More ominous still, given that it would be able to control the platform, software, data and the associated ecosystem, such a platform capitalist HE business would also have the power to decide who could be most easily seen and found in any such alternative market for education (much as Google’s does with its page ranking, the European commission having decided this month that Google actually has a case to answer regarding possible abuse of its dominance of search through ‘systematically’ awarding greater prominence to its own ads). Understandably, perhaps, following as it does on the heels of the 2012/2013 clamour about xMOOCs, Blumenstyk’s analysis of LinkedIn’s acquisition of Lynda.com shies away from arriving at any overly exaggerated or pessimistic conclusions as to what all this may mean for Higher Education and its system of certification and credentialing. Nevertheless, if a company like LinkedIn took the decision to provide this level of fine-grained data and information for its own unbundled, relatively inexpensive online courses, but not for those offered by its more expensive market competitors in the public sector, it would surely have the potential to be at least as disruptive as Coursera, Udacity, FutureLearn and co. have proven to be to date, if not considerably more so. For the kind of information about degrees and student final destinations, as well as the ability to react to market changes, that any traditional university is capable of providing on its own would appear extremely limited, unsophisticated and slow to compile and deliver by comparison. And, lest the adoption by a for-profit sharing economy business of such a hostile and aggressive stance toward the public university seems unlikely, it’s worth remembering that Google maintains its dominance of search in much the same way. In the words of its chief research guru, Peter Norvig, the reason Google has a 90-95% share of the European market for search is not because it has better algorithms than Yahoo and Bing, ‘it just has more data’. Indeed, one of the great myths about neoliberalism is that it strives to create competition on an open market. As the venture capitalist Peter Thiel, co-founder of Pay-Pal and early Facebook investor, emphasizes in his book Zero to One, what neoliberal businesses actually want is to be a monopoly: to be so dominant in their area of operation that they in fact escape the competition and become a market of one.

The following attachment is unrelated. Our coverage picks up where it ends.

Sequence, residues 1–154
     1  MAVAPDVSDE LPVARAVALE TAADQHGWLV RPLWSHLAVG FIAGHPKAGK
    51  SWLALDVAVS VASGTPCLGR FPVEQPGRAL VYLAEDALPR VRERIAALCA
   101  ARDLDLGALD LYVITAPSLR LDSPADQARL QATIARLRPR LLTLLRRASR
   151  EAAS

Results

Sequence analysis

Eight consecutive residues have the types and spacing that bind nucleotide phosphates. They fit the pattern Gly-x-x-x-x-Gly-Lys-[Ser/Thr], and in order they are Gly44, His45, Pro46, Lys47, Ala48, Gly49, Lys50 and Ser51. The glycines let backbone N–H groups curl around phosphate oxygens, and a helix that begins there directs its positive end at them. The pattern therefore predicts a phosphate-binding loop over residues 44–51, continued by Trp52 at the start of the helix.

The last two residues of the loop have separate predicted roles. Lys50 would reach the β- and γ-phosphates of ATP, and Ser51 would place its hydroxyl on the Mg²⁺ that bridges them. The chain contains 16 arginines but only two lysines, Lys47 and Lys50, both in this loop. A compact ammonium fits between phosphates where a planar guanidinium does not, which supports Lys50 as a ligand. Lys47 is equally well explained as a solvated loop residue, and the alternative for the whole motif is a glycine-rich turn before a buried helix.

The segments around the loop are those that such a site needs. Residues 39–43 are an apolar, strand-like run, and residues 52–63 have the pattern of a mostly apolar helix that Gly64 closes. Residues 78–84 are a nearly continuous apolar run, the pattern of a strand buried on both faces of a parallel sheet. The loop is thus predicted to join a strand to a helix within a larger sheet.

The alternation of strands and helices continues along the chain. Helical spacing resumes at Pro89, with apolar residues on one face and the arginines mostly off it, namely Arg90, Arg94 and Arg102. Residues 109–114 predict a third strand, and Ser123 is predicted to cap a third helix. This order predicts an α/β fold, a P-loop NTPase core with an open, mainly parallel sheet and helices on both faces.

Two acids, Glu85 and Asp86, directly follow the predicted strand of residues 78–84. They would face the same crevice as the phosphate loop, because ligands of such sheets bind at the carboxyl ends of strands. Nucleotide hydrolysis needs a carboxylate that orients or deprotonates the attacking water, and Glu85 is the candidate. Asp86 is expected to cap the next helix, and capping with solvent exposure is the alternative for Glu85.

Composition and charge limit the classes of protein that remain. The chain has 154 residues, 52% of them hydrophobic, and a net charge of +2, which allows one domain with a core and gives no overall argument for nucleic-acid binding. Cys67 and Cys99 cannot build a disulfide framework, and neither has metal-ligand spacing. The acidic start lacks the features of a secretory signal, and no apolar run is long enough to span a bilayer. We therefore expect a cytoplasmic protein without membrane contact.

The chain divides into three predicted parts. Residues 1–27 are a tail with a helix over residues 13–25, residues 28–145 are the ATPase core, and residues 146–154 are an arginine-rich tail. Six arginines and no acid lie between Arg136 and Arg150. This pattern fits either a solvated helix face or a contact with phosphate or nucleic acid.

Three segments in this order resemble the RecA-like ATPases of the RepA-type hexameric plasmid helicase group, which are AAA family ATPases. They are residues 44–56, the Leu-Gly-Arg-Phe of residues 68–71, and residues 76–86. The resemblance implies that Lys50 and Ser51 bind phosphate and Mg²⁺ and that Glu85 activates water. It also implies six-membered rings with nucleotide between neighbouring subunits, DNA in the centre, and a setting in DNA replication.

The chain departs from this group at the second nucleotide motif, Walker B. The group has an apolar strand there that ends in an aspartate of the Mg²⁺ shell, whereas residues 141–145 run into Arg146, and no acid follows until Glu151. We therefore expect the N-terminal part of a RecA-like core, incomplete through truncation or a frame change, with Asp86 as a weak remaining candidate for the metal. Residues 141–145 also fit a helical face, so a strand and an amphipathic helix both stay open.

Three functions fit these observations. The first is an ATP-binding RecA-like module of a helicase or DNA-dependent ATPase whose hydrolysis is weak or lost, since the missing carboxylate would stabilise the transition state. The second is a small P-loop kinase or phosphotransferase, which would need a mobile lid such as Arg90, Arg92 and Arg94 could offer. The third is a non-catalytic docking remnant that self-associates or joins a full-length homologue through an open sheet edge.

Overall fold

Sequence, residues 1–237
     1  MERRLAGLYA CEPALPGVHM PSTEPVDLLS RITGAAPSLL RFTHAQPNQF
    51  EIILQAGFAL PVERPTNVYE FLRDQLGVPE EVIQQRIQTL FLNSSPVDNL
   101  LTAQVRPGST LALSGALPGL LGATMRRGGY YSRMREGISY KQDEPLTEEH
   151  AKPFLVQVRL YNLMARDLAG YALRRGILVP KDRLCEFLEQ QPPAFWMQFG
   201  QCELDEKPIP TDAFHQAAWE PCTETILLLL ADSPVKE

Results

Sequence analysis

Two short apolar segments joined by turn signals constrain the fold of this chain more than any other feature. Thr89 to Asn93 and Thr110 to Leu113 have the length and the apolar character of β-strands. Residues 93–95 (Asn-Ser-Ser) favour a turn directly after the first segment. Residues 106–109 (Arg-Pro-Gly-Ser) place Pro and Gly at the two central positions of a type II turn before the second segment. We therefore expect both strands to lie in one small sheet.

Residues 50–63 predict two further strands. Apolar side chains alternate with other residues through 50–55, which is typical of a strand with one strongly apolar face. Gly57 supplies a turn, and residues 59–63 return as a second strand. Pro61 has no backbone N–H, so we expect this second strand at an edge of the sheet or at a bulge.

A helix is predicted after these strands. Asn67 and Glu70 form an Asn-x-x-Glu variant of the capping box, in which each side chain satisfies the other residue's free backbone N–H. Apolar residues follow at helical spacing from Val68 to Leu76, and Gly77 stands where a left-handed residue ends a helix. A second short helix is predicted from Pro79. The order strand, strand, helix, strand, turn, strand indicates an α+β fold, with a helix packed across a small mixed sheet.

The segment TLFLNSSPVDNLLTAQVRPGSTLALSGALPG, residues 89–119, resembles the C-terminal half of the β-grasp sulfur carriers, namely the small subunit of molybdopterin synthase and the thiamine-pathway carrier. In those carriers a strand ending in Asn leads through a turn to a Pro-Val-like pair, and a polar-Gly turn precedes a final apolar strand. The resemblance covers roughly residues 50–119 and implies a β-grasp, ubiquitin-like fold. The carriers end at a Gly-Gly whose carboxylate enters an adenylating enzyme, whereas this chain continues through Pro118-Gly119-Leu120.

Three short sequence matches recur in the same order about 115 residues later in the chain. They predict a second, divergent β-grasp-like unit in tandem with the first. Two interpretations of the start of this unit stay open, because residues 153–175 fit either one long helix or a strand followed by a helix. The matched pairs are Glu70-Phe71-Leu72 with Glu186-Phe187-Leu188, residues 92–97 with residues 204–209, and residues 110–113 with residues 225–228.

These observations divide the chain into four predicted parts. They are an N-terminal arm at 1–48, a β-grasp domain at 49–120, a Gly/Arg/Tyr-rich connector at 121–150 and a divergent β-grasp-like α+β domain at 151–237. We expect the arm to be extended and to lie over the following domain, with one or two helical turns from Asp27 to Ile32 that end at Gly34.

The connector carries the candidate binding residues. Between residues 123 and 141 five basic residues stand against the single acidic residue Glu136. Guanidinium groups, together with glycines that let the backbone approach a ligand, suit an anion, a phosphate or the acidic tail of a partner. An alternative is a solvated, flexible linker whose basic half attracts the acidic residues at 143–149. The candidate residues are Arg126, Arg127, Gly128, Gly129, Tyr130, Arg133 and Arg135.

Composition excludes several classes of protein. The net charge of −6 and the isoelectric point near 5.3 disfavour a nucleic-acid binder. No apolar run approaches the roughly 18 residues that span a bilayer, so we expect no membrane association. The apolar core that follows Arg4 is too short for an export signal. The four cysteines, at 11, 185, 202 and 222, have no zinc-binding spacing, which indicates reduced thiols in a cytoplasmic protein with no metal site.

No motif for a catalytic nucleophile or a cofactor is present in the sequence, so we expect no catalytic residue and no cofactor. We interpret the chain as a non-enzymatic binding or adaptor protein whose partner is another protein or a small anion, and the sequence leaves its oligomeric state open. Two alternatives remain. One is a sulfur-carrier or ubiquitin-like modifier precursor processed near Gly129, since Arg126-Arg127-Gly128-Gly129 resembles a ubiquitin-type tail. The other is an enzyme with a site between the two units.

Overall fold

Of course, as a consequence of neoliberalism’s programme of privatisation, deregulation, reduction to a minimum of the state and public sector, and insistence that the university operate increasingly like a business, many of those who work in HE already have fixed-term, part-time, hourly-paid, zero-hour, temporary and other forms of contingent positions. Yet if something along the lines of the above scenario does come to pass, it will surely have the effect of disrupting the public university by means of a profit-driven business operating according to a post-welfare state model, much as Airbnb is currently disrupting the state regulated hotel industry, and Uber state regulated taxi companies. Increasing numbers of university workers will thus find themselves in a situation not dissimilar to that facing many cab drivers today. Instead of operating in a sector regulated by the state, they will have little choice but to sell their cheap and easy-to-access courses to whoever is prepared to pay for them in the ‘alternative’ sharing economy education market created by platform capitalism. They too will become atomised, precarious, freelance microentrepreneurs. And as such, they will experience all the problems of deprofessionalisation, intensification, precarity and surveillance such a post-welfare capitalist economy brings.
(To be continued… and in a more optimistic vein. For the university is also one of the places where the neoliberal forces I have described above are being opposed. The university is where we can create new ideas. It is also where we can help to build a sense of solidarity and common struggle.)